I can only guess that a bunch of you clicked on the referral link at the end of my post about ZenBanx the other day, as my invite code showed up in my inbox just after dinner last night… Thanks for that!
Today I’m going to walk you through the process of setting up a ZenBanx account—that is, everything short of connecting it to your existing bank of choice. Though technically not a bank proper (hence the word “banx” in the name) you are, for all intensive purposes, setting up an account with the DUCA Credit Union of Ontario. And you’re doing so entirely on your phone.
I think that’s pretty cool.
So, once you’ve downloaded the ZenBanx app from Google Play (as I did on my OnePlus One) or iTMS, fire it up and enter your invitation code. I’ll once again take this opportunity to provide my referral link in case you wanted an invite of your own: just click here, please and thanks.
Here’s what you’ll need to apply for an account. Seems in line with any other banking product that I’ve ever applied for…
The standard legalese… I had a copy emailed to me and put it on pastebin if you wanted to have a read.
If you didn’t know about this, the Canadian government is now compelling banks in this country to share information about their customers with the IRS in the States. Constitutional lawyers see it as a violation of our Charter Rights, but for now ZenBanx has no choice but to comply.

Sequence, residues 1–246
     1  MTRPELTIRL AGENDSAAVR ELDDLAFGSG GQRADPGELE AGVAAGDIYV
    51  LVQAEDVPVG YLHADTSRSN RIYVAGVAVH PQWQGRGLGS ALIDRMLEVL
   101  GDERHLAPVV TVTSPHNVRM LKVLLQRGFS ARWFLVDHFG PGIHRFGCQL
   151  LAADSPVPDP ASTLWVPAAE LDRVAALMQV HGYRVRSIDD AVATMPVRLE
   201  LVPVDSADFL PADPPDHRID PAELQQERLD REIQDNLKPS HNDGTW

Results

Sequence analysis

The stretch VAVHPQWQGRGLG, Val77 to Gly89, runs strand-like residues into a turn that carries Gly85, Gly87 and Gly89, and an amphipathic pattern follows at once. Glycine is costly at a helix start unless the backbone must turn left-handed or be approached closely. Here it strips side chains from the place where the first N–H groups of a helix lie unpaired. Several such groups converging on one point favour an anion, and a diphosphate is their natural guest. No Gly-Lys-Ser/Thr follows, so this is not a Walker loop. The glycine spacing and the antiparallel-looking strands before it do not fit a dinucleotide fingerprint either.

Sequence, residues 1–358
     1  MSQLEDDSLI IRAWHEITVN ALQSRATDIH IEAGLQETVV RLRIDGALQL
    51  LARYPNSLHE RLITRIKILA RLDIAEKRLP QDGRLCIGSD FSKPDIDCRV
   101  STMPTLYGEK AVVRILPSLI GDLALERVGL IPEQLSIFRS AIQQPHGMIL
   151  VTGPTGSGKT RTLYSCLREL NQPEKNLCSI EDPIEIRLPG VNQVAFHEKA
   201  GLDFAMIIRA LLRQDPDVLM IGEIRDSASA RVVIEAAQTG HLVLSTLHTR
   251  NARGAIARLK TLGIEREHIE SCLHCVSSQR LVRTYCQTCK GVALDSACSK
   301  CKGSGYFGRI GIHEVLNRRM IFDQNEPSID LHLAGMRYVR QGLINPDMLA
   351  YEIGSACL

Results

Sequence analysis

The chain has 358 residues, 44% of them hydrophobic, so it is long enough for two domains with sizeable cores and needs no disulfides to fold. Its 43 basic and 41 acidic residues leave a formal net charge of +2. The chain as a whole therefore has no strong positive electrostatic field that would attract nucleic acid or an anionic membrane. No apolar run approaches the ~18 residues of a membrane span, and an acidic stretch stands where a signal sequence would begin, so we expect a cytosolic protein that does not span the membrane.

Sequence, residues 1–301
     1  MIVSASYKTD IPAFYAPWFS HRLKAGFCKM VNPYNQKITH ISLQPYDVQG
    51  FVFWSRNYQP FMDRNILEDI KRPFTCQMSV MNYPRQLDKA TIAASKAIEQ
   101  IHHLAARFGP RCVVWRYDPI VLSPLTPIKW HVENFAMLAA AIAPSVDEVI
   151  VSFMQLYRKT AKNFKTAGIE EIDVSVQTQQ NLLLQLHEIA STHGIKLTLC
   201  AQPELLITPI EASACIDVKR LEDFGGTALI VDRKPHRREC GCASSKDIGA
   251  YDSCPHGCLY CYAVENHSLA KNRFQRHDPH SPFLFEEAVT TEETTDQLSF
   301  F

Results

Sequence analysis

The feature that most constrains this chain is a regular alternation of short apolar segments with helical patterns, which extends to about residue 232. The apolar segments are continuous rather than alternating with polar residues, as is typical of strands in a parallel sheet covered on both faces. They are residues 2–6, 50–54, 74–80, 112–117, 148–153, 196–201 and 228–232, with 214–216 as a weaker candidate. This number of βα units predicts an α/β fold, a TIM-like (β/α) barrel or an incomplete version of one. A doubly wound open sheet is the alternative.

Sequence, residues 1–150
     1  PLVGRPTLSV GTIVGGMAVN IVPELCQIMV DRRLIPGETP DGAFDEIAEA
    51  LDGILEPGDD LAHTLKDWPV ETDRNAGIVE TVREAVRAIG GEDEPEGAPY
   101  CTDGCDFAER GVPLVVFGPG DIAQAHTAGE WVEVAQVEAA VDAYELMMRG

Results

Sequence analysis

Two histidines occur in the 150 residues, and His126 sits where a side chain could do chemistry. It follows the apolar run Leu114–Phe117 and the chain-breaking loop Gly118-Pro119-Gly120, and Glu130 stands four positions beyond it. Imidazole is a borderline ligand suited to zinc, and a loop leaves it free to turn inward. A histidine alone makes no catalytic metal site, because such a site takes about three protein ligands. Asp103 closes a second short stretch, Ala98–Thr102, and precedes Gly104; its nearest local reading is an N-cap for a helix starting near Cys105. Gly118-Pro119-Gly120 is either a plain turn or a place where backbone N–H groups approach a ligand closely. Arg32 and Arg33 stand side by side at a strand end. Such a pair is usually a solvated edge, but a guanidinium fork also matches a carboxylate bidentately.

It was interesting to note that the Android app requested my location only at the point where I was about to capture and upload documents pertaining to my ID. In a world where apps routinely rob you of your address book from the moment they’re downloaded, this seems reasonable enough.
In addition to one of the above you’ll also be asked for a credit card number, because Photoshop, I guess. If, like me, you were wondering what JUMIO was, here’s a link.
In the same way that you can deposit a cheque by uploading a photo of its front and back, so too can you provide your ID to ZenBanx. Lining up at the branch of your local bank? You’re doing it wrong.
Your ZenBanx account will be locked with a PIN. For additional security you’ll be asked to provide answers to three questions—two from this list and a third of your own. Wonder if ZenBanx for iOS will support Touch ID?
And we’re done! Well, almost.
I would think that in order to get my ZenBanx-powered debit card I’d have to provide some additional info via a desktop web browser at some point. But it bodes well for the service that I was able to get this far using only my Android phone.
More to come once my account is up and running…